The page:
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By Jonathan Balofsky On 13 Aug, 2017 At 04:22 PM | Categorized As Editorials, Featured, Opinion, ROG News | With 0 Comments

No GravatarNote. The following is the opinion Solely of the author and not necessarily that of Real Otaku Gamer or its staff.

 

 

 

Recently there has been a major controversy in the YouTube Gaming Community and the Retro Gaming Community, when WatchMojo.com, the 29th most watched channel on YouTube was involved with a plagiarism scandal. Prominent Youtuber and retro gamer, Larry Bundy jr., aka Guru Larry, put out a video back in June about the worst selling video game systems as part of his webseries, Fact Hunt. He and the others in the video discussed the actual worst selling systems and not just what was often misreported.

That video can be seen below

This past week, WatchMojo put out their own video about the worst selling systems. The issue was that they used Larry’s research and information without permission or credit. Now while facts cannot be trademarked or copyrighted, Larry was smart about his videos and put traps in them. These traps were in the form of minor exaggerations and guesstimations, which WatchMojo included in their video. This became known and WatchMojo took down the video and issued an apology. That should resolve the issue, right? Well not quite.

 

Fellow retro YouTuber ( and the only British Wrestling Politician) TopHatGamingMan pointed out in his video that WatchMojo included comments in their apology that essentially placed the blame on Larry for using traps and therefore somewhat false information. Never mind that major businesses and corporations do this as well for the same reason Larry did. This is done to protect the content being put out from being stolen. WatchMojo genuinely came off as being upset not that they plagiarized but that they got caught.

As well, many comments made by certain individuals at WM come off as very disingenuous and feeling that they are completely absolved. Thing is, this isn’t the first time WatchMojo has done this. YouTube channel Games You Loved, has had similar issues. They received credit, but were not asked permission to use the content. This is a major issue that needs to be addressed. The issue of stealing content without permission, and often not giving credit or attribution is a large concern for content creators. I myself have had articles I have written stolen by others and republished without credit or attribution. This cannot be allowed to go on. Larry has a large following which is how he was able to get WM to admit wrongdoing, but someone like THGM or Games You loved would not have that option.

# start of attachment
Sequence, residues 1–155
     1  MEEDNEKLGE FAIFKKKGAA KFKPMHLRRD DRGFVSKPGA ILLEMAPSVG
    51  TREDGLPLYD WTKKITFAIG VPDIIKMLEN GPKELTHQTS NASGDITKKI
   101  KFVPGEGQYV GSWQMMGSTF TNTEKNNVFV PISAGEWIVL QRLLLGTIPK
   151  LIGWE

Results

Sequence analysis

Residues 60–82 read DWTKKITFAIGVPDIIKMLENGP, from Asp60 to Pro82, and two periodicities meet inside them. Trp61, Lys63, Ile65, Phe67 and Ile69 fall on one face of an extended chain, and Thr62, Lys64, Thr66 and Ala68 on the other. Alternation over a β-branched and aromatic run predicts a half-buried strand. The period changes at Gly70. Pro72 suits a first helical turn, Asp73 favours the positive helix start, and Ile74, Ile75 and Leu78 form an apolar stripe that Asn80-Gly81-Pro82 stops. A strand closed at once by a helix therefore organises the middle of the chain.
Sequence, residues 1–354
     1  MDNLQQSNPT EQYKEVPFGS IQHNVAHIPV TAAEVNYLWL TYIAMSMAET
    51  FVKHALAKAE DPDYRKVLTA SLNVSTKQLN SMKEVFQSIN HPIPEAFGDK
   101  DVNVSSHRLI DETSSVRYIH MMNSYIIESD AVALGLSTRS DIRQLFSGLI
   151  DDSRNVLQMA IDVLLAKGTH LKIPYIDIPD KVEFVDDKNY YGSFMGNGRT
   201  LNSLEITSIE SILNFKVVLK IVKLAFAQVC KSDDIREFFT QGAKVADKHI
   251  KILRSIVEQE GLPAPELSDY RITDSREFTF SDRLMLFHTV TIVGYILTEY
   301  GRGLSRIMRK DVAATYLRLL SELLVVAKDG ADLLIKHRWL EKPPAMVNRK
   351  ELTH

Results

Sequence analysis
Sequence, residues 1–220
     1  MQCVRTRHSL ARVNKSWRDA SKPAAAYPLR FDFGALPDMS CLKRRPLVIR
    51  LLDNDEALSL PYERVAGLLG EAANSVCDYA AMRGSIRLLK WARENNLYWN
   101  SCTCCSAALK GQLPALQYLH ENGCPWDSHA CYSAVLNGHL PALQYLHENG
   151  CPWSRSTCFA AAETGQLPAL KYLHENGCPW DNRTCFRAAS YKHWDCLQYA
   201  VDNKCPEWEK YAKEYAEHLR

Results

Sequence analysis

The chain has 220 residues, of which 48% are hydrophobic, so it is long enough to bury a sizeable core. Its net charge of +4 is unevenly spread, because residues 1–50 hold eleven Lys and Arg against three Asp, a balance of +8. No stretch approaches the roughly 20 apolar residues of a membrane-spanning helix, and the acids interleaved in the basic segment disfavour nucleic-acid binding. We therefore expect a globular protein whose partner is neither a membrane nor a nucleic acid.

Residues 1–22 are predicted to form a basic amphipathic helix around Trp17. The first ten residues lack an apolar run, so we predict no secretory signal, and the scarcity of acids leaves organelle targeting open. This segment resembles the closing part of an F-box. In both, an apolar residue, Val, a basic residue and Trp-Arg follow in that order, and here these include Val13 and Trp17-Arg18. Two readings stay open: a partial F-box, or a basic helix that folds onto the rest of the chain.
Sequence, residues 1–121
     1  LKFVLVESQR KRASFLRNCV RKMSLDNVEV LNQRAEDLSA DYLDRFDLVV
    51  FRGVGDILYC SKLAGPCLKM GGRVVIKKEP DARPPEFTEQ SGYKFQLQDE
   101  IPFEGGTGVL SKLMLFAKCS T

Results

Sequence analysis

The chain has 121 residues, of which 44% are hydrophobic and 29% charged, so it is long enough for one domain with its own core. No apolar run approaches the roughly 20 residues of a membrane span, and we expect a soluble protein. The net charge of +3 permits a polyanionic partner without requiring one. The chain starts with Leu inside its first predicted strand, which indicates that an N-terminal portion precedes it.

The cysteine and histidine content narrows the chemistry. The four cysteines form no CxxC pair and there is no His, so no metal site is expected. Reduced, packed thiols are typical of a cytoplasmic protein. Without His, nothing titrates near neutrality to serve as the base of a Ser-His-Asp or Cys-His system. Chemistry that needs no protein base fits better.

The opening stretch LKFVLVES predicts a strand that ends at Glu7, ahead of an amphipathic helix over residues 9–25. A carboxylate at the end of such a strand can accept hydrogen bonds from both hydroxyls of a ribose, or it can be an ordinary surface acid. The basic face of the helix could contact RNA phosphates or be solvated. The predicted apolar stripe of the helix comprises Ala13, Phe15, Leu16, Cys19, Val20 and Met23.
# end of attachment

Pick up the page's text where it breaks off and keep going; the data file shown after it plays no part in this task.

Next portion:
As THGM discusses here , the issue is more than just WatchMojo’s plagiarism but their reaction as well and how they handled it. For example, the company and the CEO’s tweets and retweets seem to show a lack of awareness about why people were upset. If a company doesn’t see what they did wrong, and tries to blame the victim for protecting his work, then that is a situation that might make content creators nervous. The company doesn’t seem to have accepted fault fully and that is very off putting. Not to mention they also used some of the same jokes as in Larry’s video.

This is a worrying matter for content creators and I want to raise awareness. No one should be allowed to take another creator’s content without their permission.

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I am a fan of The Elder Scrolls series as should be well evident from my articles by now. Instead of talking about a particular game today however, I wanted to do something else and discuss the various DLC expansions released for the main games. I will not be discussing Elder Scrolls Online at this time, but may do another list in the future. This list is purely my opinion, and I ranked the DLC based off of quality, what it did for the game, how well it was received, and how well it held up years later.

 

 

Warning: Spoilers ahead!

 

 

Without further delay, let us start with Number 7.

 

7: Hearthfire 

Hearthfire is a great little DLC, but there is emphasis needed for the word little. It doesn’t have a huge amount of content like the other expansions, but what it does offer is some new followers, new houses and children to adopt. It isn’t the most exciting DLC but it does help the role playing experience and does allow a greater degree of immersion. There isn’t much to talk about. Its a nice way to build on the game but there isn’t much to it.

6: Knights of the Nine 

Knights of the Nine was the first major expansion for Oblivion and it was well received at the time. However, I honestly feel it hasn’t actually held up as well as the main game or what came later. To me, Knights of the Nine feels like an attempt to bring Morrowind’s narrative style to Oblivion in a way that just didn’t fit. The story was good, don’t get me wrong and the expansion did offer a neat experience, but it just has not held up as well as others. It is also rather short and doesn’t feel as well developed as the other expansions, bar Hearthfire.